Pittsburgh's mayor-apparent is a big hockey fan, but Bill Peduto's not going to be a pushover when it comes to negotiating with the Penguins over team plans for redevelopment in the lower Hill District.
Mr. Peduto, the city councilman and Democratic nominee for mayor, wants to make sure public investment in the Penguins' development of the 28-acre former Civic Arena site directly benefits the Hill District and Uptown neighborhoods that surround it.
He put the team on notice of his approach in a letter he sent in connection with an $18 million federal grant that the team and the Pittsburgh Sports & Exhibition Authority were seeking. If Mr. Peduto had his way, that grant -- which would have helped to pay for $40 million worth of roads, utilities and other infrastructure -- would have required the team to involve more community groups in their planning process and use some of the money to improve parts of streets near Consol Energy Center. And he said that would have been the end of public subsidies for the development.
On Thursday, though, the team learned its application was denied. So what now of Mr. Peduto's tough talk?
The team and SEA can and should resubmit the federal application. If that fails, he's willing to consider a tax increment financing plan, in which taxing bodies agree to give up future tax revenue for a specific period so it can be used to cover the cost of improvements. But Mr. Peduto would attach more strings to ensure the extension of street, sidewalk and lighting improvements to Crawford Avenue, Pride Street and Fifth Avenue. And then the team couldn't ask for any more taxpayer investment.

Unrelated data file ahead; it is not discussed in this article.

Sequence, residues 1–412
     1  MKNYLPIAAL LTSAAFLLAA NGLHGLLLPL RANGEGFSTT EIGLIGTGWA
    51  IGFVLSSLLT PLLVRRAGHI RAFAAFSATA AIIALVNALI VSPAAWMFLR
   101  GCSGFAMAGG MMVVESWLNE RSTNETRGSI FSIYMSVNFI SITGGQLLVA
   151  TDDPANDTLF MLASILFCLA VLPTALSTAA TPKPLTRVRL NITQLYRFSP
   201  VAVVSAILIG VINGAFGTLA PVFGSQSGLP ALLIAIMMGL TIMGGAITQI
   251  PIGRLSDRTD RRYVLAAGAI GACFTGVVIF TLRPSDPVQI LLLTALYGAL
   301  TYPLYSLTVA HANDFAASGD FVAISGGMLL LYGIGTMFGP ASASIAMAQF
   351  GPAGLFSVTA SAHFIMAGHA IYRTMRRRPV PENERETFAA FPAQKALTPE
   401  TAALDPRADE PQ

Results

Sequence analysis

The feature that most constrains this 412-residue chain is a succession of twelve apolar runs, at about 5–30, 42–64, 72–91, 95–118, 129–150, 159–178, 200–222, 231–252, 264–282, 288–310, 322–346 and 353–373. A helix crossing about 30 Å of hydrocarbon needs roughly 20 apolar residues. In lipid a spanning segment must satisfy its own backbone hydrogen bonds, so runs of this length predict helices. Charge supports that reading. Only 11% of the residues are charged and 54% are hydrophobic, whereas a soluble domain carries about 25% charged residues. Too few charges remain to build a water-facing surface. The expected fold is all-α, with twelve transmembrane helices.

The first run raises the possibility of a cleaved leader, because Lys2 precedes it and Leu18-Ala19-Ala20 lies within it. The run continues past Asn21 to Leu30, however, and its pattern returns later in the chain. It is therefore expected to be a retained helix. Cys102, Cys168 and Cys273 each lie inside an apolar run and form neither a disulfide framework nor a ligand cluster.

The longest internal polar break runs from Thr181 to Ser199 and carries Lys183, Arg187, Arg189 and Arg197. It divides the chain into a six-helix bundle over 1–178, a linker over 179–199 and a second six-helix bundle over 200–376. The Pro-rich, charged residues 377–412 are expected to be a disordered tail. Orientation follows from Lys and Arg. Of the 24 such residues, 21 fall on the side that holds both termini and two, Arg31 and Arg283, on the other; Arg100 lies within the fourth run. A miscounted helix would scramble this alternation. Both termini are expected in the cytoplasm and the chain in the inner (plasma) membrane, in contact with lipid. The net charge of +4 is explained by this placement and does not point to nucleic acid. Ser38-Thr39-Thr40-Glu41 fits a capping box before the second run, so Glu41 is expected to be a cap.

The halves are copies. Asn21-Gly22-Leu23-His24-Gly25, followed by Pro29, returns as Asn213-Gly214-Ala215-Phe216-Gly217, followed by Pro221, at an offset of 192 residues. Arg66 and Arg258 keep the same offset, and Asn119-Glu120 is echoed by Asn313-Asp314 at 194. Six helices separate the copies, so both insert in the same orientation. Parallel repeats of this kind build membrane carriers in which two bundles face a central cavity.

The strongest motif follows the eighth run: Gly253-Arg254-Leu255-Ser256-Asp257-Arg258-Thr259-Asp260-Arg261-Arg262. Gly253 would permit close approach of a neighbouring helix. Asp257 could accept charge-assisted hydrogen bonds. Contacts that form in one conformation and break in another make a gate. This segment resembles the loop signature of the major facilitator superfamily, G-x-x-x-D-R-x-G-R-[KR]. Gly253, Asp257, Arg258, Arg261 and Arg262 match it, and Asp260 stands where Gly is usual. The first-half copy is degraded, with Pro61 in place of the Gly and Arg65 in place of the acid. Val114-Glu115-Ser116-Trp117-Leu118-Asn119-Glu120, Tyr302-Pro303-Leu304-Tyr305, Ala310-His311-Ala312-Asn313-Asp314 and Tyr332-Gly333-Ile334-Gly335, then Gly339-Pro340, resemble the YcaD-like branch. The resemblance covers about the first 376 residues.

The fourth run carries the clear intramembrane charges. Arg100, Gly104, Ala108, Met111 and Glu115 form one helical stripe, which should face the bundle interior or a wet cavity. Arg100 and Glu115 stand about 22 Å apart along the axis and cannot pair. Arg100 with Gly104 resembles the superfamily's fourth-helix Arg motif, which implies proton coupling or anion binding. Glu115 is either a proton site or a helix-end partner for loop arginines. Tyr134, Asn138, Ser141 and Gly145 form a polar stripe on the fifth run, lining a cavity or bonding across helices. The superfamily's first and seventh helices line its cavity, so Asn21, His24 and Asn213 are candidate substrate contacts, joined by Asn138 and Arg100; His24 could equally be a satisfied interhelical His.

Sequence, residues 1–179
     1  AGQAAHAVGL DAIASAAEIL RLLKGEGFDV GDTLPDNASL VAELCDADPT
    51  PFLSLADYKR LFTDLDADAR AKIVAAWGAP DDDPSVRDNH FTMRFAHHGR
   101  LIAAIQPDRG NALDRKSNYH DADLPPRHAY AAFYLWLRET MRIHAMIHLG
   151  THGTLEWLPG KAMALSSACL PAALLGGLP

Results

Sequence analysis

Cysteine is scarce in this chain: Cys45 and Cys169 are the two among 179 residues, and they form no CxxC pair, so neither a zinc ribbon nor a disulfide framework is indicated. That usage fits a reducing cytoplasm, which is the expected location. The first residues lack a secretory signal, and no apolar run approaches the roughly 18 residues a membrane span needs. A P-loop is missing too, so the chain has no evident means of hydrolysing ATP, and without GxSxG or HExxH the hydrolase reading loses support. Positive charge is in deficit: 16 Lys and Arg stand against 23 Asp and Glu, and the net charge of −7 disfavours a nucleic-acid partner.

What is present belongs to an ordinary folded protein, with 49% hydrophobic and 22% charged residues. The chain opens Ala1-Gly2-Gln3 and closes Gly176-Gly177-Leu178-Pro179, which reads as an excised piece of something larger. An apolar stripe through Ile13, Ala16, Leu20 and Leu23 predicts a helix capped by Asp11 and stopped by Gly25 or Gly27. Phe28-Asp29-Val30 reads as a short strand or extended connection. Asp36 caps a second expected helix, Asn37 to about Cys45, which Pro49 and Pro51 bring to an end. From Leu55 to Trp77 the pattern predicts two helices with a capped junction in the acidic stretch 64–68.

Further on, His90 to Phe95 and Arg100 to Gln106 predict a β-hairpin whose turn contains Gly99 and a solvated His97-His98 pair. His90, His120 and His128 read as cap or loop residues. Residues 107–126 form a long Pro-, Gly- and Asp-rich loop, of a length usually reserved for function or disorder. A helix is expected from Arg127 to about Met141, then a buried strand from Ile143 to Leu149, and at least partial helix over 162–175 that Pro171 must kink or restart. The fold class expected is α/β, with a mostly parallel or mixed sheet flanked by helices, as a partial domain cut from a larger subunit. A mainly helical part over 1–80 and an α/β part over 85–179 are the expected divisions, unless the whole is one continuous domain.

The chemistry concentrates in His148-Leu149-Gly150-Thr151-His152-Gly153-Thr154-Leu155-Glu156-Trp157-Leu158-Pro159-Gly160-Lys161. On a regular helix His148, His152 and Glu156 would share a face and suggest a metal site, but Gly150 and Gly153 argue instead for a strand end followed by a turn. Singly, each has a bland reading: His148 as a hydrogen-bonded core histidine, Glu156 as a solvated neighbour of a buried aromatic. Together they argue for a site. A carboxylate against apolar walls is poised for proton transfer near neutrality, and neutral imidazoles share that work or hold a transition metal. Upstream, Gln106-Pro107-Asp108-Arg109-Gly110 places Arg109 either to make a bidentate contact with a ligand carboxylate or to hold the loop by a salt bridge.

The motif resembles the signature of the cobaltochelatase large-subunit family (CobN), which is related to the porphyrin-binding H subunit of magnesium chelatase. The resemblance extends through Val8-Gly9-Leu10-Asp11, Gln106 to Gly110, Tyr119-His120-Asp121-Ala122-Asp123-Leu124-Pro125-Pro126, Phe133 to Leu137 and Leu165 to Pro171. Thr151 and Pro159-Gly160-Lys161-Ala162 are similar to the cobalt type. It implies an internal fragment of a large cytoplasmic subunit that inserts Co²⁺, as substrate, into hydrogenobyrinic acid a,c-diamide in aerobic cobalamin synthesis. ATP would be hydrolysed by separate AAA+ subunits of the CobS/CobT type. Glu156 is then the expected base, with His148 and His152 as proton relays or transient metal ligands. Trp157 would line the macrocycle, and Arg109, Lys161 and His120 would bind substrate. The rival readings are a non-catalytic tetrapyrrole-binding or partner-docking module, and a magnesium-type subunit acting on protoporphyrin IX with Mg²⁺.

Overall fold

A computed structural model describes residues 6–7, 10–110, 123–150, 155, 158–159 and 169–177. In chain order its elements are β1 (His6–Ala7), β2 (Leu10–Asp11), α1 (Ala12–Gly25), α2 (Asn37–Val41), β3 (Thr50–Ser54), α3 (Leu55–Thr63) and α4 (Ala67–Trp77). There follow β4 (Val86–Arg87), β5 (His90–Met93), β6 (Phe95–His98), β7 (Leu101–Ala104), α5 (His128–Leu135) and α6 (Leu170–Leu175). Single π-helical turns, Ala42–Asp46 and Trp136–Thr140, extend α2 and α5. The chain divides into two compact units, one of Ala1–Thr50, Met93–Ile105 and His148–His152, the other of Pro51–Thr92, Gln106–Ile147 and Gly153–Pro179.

Mr. Peduto correctly notes that the Penguins already have hefty public support for the project, including a $15 million state grant, access to $15 million in credits to buy land from the SEA, the possibility of a state loan and revenue from parking near Consol.
Mr. Peduto's approach of requiring TIF recipients to improve more than their own land is an improvement on past practices. His principled stance is not mean-spirited; it's public-spirited because the city cannot afford to provide an endless supply of incentives for the successful sports franchise.
A future mayor has obligations that must outweigh his support for the home team.